HomeBlogThe problem with ‘busy-ness’


The problem with ‘busy-ness’

May 28, 2019

by Nathan Farrugia - CEO at Shireburn Software

We have somehow come to justify being busy as an acceptable excuse for complacency and where productivity is equated to volume rather than value. It has become the standard reply when we ask people to innovate, change, create or take a new approach to delivering an outcome, that they are too busy, or indeed busy enough as it is and cannot take on ‘more’.

CEOs are always busy!

This becomes an acceptable excuse because most leaders are also facing the increasing load of keeping connected, meeting customer and shareholder demands, keeping employees engaged and driving growth; so they can ‘feel the pain’ of someone in the same situation. We use this justification to procrastinate or postpone value conversations to an appropriate time in the future, such as a strategy day or budget meeting where ‘precious time’ is taken out of the day-to-day to do some thinking. I’m not surprised these tend to be unproductive in their own right, as an annoyance to the team that has to stop ‘getting things done’ in order to attend.

I find it fascinating to hear high level CEOs and senior executives tell me that nowadays ’they don’t even have the time to think’ (on strategies and the future of their business) because they are so busy. It really begs the question why they are paid, if not to think and plan strategy…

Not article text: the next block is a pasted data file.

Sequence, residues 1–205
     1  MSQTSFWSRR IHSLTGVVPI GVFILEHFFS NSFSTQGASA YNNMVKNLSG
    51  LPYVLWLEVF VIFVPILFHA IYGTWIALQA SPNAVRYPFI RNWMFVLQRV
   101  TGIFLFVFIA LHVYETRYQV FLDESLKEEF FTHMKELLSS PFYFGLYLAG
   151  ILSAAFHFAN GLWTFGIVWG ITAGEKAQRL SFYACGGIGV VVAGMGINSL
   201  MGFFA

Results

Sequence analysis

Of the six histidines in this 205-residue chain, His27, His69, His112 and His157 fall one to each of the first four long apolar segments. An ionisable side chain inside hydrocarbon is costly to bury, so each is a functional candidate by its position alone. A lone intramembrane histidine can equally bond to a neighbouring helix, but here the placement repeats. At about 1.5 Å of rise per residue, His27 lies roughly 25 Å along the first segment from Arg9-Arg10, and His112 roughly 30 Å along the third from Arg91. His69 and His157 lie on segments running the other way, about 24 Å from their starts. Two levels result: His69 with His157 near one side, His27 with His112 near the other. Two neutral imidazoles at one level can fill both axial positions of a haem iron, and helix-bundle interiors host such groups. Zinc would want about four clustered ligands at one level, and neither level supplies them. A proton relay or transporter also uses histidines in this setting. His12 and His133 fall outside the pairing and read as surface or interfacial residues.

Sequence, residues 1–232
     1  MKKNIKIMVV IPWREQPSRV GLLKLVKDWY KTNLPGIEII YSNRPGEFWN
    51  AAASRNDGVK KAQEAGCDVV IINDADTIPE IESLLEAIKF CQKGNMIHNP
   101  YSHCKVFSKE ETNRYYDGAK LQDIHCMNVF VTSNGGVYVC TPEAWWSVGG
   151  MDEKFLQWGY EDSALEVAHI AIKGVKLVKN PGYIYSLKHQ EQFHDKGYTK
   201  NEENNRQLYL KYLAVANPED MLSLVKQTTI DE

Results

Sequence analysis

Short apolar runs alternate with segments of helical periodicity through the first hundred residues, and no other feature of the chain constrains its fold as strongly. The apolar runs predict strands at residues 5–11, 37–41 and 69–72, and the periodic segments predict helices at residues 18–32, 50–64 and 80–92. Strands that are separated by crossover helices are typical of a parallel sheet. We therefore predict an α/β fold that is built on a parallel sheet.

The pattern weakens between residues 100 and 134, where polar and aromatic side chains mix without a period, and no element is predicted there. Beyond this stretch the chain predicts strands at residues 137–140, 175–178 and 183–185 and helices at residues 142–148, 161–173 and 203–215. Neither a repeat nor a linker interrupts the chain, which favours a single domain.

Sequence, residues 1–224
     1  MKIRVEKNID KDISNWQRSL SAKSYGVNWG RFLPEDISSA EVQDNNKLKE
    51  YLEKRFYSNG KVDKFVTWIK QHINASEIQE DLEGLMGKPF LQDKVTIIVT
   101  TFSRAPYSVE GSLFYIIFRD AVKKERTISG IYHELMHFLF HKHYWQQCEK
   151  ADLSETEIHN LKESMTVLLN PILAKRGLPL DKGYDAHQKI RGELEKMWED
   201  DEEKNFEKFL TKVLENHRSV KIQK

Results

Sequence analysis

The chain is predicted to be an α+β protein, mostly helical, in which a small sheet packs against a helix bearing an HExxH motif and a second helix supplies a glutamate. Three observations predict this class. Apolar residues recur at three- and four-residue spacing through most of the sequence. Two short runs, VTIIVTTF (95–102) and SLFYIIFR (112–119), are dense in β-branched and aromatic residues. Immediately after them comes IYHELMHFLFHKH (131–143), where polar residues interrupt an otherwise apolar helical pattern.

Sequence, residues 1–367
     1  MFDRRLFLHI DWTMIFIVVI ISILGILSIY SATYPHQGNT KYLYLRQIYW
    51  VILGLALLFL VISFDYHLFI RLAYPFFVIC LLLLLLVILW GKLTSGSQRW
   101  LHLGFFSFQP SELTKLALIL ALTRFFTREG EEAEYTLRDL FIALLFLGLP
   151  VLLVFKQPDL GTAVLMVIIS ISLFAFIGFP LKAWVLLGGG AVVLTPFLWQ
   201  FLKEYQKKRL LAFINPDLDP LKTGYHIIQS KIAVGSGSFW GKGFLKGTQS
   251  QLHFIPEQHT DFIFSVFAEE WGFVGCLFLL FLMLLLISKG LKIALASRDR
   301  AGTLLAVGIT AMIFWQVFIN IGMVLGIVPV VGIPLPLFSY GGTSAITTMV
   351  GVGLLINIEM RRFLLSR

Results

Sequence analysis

Focus on Adding Value

I’m often asked how I manage to juggle a wide range of responsibilities across different business and non-profits, family time and sport. My answer is always dismissed as being over-simplistic and unrealistic; “I focus on adding value at all times, and delegate the rest”. Typically the response I get back is that there are ‘a few good people’ to delegate to and I must be extremely lucky. Or that it’s impossible to add value all the time, as stuff just has to get done. Or that sometimes there is no one else to do it, so you have to micromanage or get stuck in low productive work. I disagree. I’ve often just dropped stuff from my task list with no real repercussion – it was more about my own hijacks of self-importance that a particular responsibility was up to me, and that no one else could do it.

People need to be given the space to make mistakes, so they can learn in step-changes rather than incremental improvements which are way too slow for today’s business needs. Failing forwards requires mitigated risk and a gung ho! attitude to delegation. We need to invite people to discover the potential in themselves by stretching them out of their comfort zone, freeing up your own time to help them out, coach, lead, and create the safety net around them for them to trust your approach. By adopting the paradigm of getting more by doing less, we can focus on our true strengths and outsource our weaknesses. The maths does add up; if I am adding more value, the business results should allow me to engage more resources, human or technological.

This applies across any business. Recruitment should focus on employing resilient people that can be flexible and curious, rather than pigeon-holed by qualifications. We need ’shapeshifters’ with growth mindsets that can adapt to ever-changing job roles, rather than follow job tasks to a tee.

Getting Technology Right